When Newt Gingrich said he would not vote for rival candidate Ron Paul if Paul wins the Republican presidential nomination, Gingrich may have forfeited whatever support he might receive from a sizable number of conservative and libertarian voters if the former Speaker of the House is himself the nominee.

Gingrich answered with and unqualified "No," when asked if he would vote for Paul if the 12-term Texas congressman were to emerge as the party's standard-bearer. "I think Ron Paul's views are totally outside the mainstream of virtually every decent American," Gingrich said Tuesday on CNN's The Situation Room with Wolf Blitzer. By its very nature the comment appears to impugn not only Paul, but his legions of supporters as well. The people who support Ron Paul share his views on most or all of the issues the candidate has been espousing in this and in previous campaigns. If those views are "outside the mainstream of virtually every decent American," then the unavoidable implication of Gingrich's statement is that "virtually" everyone who holds such views is not a "decent American." Should Gingrich emerge from the primary battles as the nominee, even those Paul supporters who hold the former speaker in "minimum high regard" might be loath to support the nominee who has, in effect, called them indecent.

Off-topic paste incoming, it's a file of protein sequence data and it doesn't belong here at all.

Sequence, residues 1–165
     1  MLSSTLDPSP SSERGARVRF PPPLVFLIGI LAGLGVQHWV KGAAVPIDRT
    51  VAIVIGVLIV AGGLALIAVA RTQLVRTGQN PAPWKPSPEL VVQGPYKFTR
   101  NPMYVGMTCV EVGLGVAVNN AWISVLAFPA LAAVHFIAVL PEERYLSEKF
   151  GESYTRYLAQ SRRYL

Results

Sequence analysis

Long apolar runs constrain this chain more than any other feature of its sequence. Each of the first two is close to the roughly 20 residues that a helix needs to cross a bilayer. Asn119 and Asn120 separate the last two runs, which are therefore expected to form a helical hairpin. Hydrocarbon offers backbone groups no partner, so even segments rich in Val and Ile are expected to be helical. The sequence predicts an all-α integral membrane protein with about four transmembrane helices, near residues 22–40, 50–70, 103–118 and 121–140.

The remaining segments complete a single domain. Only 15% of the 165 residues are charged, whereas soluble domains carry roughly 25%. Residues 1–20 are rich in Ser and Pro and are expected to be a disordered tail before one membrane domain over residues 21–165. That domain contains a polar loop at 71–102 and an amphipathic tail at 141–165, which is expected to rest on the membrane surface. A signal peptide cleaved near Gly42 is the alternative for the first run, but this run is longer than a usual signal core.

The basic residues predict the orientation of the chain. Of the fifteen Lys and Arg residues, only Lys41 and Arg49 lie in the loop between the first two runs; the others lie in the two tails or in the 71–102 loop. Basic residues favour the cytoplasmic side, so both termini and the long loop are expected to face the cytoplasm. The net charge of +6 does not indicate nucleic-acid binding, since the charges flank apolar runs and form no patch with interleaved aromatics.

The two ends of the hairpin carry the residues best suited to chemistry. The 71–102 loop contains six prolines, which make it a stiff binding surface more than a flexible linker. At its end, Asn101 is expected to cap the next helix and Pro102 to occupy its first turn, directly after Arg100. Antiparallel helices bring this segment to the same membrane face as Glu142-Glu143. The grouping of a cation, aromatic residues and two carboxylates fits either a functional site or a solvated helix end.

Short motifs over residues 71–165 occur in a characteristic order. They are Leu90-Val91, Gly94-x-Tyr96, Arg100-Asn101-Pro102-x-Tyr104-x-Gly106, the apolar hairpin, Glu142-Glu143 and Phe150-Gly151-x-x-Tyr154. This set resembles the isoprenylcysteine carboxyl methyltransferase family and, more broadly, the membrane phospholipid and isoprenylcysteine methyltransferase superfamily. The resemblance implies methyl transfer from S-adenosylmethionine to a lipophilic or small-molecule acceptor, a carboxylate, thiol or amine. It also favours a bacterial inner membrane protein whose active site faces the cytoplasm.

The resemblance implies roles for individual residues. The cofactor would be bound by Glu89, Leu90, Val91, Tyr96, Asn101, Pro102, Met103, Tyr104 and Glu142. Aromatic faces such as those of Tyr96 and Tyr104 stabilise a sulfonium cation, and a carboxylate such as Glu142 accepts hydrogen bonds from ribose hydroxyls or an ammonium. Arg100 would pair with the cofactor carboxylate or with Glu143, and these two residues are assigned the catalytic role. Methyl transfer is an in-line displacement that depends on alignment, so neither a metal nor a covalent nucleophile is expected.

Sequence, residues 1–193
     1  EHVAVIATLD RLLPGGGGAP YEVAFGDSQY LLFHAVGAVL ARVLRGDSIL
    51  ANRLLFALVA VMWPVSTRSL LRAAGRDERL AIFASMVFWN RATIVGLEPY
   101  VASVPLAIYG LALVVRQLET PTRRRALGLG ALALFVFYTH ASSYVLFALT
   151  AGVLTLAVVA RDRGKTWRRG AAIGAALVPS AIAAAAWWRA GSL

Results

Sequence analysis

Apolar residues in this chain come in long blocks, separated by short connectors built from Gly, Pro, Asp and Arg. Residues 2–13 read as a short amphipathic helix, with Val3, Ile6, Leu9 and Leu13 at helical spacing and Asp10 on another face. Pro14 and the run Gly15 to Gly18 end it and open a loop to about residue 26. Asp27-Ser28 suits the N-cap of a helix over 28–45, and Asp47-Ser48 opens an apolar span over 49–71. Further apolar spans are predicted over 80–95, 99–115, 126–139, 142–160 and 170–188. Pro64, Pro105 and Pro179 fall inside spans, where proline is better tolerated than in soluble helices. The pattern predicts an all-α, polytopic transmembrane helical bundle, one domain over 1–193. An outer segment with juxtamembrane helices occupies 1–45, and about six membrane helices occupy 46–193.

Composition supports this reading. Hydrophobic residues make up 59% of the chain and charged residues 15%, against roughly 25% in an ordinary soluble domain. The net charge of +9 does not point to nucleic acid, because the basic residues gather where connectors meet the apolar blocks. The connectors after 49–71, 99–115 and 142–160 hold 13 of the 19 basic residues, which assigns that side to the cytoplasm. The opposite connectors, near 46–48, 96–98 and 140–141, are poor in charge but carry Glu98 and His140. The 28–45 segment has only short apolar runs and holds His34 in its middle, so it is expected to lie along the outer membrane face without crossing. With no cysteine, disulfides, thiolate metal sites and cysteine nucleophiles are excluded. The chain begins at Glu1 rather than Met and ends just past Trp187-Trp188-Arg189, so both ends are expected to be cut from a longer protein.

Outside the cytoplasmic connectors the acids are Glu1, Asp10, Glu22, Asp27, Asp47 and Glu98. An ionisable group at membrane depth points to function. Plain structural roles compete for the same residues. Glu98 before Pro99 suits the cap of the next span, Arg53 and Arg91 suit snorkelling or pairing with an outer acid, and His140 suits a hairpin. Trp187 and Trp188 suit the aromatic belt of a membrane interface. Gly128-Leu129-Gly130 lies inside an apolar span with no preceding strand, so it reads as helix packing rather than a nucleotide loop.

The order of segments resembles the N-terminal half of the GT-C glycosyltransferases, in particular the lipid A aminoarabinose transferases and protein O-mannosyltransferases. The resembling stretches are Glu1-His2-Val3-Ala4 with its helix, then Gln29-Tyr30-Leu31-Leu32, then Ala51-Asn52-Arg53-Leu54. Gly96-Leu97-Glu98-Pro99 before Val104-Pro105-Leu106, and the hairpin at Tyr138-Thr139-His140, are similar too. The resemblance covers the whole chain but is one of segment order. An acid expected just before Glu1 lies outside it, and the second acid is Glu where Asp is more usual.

National Transportation Safety Board Chairwoman Deborah Hersman has called for states to mandate a total ban on cellphone usage while driving. She has also encouraged electronics manufacturers — via recommendations to the CTIA —The Wireless Association and the Consumer Electronics Association — to develop features that "disable the functions of portable electronic devices within reach of the driver when a vehicle is in motion." That means she wants to be able to turn off your cellphone while you're driving.